Infact, I can get you a quote, where she even says, that in hindsight she should have left out combat, and designed more puzzles utilizing 3D. But she admits that 20/20 hindsight is silly.

Quote
    When discussing the transition from 2D to 3D for King's Quest VIII: Mask of Eternity, I can only say that we were on to the right idea of switching to 3D. However, the implementation was not exactly correct. In 20/20 hindsight, I would have omitted the RPG (role-playing) aspects and would have stuck with more traditional adventure game elements. I would have thought more in terms of physical puzzles that could be done better in 3D than in 2D, but, still, I wouldn't have changed the game so dramatically just because I was switching from 2D to 3D. But, what do they say about 20/20 hindsight?

-Roberta Williams, 2006
« Last Edit: September 06, 2011, 06:47:59 PM by Baggins »
Well, ya, King's Quest is on Earth. Daventry is very old city from a long time ago. It's in ruins now and people aren't quite sure exactly where it used to be. There are some archaeologists searching through the ruins, they think they know its Daventry. But its somewhere on Earth."-Roberta Williams http://kingsquest.wikia.com/wiki/File:Daventryisearth.ogg

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Re: The World of King's Quest
« Reply #37 on: September 06, 2011, 06:45:10 PM »
Yes, but even Roberta has admitted that the Mask of Eternity direction was probably not the way to have done it. I'm an adamant defendant of evolution, and I'm always trying to push the package in many ways, but things could have been done a little different to cater a bit more to the fans.

Here's what Roberta had to in an interview post MoE:

"I do want to let everyone know, though, that nobody loves adventure games more than I, and it has always been my goal to have as many people as possible experience this wonderful genre. However, it's important that people understand, Josh Mandel included, that things change and tastes change. The adventure game has to change also, albeit perhaps not exactly in the same way that I changed it in Mask of Eternity. If experiments are not done to find how to mainstream the genre or to make it more "commercial" for today's audience, it will die ... and then everybody loses. Those "purists" may have gotten their way to keep adventure games from evolving, but all they would have really succeeded in is helping to kill it."

So, regardless of what she wanted to do and what was released, she later agreed that it was possibly not the best idea.

That's kind of common for creators whose product is either received poorly or with mixed reviews. Case in point Indiana Jones and the Temple of Doom...When it came out, Spielberg and Lucas trumpeted it up like there was no tomorrow. But when the bad reviews and controversy started piling on, they backpedalled, to the point that Spielberg felt he had to make a third Indy film to "apologize" for Temple of Doom.

A lot of creators backpedal when things don't go their way. It doesn't mean they weren't into it to begin with. It's simply PR.

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Re: The World of King's Quest
« Reply #38 on: September 06, 2011, 06:51:50 PM »
Here is an example of some of the questions fan community was giving her back in 1996-1997 over the aging adventure game genre, and 'outdated' KQ series... Adventure games were failing in the marketplace, and many of old adventure fans had moved onto new games and genres. Roberta was trying to change that, and draw them back.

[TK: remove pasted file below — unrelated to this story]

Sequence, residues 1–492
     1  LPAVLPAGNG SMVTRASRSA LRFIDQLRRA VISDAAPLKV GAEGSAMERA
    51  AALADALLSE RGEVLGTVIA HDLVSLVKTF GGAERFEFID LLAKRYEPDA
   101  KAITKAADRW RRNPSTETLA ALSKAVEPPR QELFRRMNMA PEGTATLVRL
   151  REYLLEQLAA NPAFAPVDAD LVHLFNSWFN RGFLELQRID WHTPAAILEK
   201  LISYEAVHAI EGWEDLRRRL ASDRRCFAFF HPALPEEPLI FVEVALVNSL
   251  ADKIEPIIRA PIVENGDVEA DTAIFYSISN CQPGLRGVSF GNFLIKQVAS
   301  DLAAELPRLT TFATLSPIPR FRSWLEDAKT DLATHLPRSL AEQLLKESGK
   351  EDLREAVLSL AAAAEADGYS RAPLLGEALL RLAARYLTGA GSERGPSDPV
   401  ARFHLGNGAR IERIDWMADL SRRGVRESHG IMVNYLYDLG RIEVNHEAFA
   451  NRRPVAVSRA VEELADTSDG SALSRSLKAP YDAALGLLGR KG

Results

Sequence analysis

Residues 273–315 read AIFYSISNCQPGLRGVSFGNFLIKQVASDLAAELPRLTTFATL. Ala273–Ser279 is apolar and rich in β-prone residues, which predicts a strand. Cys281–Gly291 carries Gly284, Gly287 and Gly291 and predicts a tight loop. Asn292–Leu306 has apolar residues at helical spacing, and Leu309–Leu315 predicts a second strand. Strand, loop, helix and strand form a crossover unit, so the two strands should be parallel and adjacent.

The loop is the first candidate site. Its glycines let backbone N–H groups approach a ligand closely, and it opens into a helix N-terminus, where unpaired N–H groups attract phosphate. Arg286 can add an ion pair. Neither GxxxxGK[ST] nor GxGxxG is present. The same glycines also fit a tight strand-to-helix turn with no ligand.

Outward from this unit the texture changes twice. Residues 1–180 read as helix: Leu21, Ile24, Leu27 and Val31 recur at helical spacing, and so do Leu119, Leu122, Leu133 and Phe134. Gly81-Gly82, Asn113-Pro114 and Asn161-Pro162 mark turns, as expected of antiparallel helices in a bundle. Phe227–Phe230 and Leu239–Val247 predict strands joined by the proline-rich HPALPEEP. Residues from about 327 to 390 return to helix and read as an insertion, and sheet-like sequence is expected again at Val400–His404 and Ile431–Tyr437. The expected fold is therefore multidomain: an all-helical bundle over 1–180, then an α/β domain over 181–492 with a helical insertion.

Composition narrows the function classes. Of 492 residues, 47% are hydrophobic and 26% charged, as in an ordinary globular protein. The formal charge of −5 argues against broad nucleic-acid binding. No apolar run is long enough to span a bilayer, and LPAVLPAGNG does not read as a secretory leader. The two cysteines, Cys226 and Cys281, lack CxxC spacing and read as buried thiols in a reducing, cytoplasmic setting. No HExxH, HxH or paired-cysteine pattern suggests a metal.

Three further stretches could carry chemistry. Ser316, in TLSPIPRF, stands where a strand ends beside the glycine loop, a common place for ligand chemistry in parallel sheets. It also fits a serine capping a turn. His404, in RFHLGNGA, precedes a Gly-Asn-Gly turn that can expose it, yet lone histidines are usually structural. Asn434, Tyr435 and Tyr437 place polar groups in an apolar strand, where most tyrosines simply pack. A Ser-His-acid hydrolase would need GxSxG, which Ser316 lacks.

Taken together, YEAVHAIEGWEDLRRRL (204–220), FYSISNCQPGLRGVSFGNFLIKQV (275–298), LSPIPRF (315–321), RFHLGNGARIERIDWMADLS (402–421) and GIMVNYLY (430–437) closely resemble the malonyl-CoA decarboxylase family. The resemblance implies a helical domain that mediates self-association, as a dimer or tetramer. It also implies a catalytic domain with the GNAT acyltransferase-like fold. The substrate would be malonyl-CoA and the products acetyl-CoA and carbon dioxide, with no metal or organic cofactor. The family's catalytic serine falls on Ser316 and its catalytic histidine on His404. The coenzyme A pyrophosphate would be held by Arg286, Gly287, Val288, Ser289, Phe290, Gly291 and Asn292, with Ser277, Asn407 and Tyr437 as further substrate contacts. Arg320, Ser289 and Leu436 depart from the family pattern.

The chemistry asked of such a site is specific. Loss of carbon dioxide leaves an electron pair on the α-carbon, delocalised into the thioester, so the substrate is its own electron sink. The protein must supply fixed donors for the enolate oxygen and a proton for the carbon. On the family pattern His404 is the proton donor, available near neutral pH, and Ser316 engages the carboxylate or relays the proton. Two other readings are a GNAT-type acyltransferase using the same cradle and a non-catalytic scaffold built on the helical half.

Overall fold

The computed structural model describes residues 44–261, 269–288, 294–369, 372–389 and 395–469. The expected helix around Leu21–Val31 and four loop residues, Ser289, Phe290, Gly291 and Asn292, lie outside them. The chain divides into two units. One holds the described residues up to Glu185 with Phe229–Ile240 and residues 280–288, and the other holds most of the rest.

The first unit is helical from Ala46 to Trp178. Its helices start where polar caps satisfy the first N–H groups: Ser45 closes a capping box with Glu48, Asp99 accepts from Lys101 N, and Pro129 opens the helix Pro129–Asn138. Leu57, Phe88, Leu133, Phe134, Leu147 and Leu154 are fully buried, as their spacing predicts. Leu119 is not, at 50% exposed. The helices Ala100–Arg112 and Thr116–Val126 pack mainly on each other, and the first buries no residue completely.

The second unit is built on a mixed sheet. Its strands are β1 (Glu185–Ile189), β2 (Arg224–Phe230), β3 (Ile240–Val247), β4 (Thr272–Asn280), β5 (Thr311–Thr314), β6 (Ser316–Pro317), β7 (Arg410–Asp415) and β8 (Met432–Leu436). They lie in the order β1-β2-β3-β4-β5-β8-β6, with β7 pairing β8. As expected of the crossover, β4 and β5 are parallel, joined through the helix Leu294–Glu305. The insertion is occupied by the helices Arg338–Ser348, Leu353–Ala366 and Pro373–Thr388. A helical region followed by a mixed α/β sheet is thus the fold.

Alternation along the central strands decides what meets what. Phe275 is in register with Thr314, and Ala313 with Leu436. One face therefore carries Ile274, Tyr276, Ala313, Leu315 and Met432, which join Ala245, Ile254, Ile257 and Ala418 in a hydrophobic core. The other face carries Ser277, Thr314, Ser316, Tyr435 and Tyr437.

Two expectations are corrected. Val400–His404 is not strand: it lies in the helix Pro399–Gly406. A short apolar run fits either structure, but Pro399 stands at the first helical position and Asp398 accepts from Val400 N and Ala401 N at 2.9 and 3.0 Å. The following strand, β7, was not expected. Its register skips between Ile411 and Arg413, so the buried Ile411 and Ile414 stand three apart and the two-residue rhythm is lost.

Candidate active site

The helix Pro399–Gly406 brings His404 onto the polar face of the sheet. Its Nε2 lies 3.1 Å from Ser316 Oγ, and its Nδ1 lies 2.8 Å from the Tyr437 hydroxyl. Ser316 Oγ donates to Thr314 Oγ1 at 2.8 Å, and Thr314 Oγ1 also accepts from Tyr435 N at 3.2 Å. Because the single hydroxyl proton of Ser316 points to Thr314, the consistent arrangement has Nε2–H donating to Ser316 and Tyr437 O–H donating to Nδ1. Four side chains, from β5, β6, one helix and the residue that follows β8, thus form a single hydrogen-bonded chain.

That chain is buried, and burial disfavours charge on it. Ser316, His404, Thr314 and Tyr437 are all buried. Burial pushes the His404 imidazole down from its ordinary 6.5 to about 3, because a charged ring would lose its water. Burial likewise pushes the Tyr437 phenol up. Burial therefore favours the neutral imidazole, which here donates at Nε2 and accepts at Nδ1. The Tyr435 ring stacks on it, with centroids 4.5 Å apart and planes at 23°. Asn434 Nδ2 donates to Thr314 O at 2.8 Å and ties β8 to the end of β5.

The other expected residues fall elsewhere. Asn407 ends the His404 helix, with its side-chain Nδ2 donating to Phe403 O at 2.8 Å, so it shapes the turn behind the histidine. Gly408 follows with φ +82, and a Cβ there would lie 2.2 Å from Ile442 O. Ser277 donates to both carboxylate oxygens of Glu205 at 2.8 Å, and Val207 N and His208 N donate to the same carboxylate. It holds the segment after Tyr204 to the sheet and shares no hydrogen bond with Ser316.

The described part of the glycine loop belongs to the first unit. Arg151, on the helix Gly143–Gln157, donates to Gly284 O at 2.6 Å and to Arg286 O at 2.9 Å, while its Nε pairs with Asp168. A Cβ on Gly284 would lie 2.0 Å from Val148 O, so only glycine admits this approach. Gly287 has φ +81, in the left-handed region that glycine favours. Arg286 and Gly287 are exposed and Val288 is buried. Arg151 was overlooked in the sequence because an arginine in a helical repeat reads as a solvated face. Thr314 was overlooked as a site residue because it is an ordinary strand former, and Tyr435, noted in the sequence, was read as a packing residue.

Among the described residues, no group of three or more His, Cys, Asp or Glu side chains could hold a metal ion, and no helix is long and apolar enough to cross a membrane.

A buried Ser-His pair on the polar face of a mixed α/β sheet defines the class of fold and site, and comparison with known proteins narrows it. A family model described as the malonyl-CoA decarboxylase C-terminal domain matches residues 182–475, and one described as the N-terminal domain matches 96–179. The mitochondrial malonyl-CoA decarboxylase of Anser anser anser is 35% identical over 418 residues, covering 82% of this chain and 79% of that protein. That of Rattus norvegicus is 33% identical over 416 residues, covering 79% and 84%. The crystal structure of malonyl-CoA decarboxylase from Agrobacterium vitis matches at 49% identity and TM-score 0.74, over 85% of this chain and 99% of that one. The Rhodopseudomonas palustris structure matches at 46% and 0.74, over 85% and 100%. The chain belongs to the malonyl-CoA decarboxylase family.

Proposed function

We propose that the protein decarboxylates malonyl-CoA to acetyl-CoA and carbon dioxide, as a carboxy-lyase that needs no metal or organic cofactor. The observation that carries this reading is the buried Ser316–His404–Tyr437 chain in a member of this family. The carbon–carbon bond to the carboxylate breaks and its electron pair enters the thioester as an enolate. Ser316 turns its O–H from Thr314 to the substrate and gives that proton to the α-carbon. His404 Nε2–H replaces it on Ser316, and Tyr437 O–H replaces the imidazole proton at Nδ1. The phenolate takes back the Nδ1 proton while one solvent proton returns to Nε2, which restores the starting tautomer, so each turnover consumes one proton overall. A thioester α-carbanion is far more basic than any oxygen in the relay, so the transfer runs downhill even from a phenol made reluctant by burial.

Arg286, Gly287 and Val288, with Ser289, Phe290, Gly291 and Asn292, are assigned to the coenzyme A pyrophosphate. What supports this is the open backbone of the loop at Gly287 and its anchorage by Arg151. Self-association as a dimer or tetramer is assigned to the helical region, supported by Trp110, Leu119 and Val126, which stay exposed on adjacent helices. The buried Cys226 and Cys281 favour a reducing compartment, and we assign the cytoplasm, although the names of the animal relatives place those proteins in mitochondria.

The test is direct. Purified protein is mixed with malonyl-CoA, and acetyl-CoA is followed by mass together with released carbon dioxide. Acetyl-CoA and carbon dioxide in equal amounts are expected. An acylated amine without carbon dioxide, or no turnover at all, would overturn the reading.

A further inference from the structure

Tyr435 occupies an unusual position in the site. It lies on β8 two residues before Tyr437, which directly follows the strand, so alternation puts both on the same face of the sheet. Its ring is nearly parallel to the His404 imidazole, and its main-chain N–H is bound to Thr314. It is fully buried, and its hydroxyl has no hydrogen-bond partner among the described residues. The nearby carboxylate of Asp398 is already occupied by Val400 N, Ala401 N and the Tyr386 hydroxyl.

Quote
After eight games, don't you think the King's Quest series is getting a bit old? Will you ever consider starting a brand-new series from scratch with an entirely different and original plot and characters? If so, what technologies will this game use?

    Let's wait to answer that question after King's Quest: Mask of Eternity has shipped. I think you will find that we were very successful in breathing new life into a series which could be construed as "getting a bit old." It is totally a breath of fresh air. It is like nothing else but yet feels very much like King's Quest. We may have accomplished the "impossible." I truly believe that this newest, latest iteration of King's Quest will be the best-selling yet! As far as starting a brand-new series from scratch with an entirely different and original plot and characters: I've done that many times in my career, and in the future ... who knows?

Quote
Those "purists" may have gotten their way to keep adventure games from evolving, but all they would have really succeeded in is helping to kill it."

She is more or less correct! Adventure game fans killed the Adventure genre! By trying to keep it stuck in the early 1990's formats, the genre was failing commercially! Until they almost completely disappeared as a mainstream product... Remember Grim Fandango one of the more 'traditional' (if that term even applies) adventure games in 1998 (except for maybe its interface), and it was almost a complete failure as far as its commercial value... These failures (not enough fans were buying them), lead to the death of the genre.

After that the genre more or less stayed underground, or had a cult following through low budget adventure game developers... It didn't have a large comeback until Telltale games made them commercially popular again (but their adventures are quite diluted by 1990's standards)...
« Last Edit: September 06, 2011, 07:02:15 PM by Baggins »
Well, ya, King's Quest is on Earth. Daventry is very old city from a long time ago. It's in ruins now and people aren't quite sure exactly where it used to be. There are some archaeologists searching through the ruins, they think they know its Daventry. But its somewhere on Earth."-Roberta Williams http://kingsquest.wikia.com/wiki/File:Daventryisearth.ogg

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Re: The World of King's Quest
« Reply #39 on: September 06, 2011, 07:10:01 PM »
I'm starting to think the topic of MoE needs to have a moratorium put on it!

Katie Hallahan
~Designer, PR Director~

"Change is the constant, the signal for rebirth, the egg of the phoenix." Christina Baldwin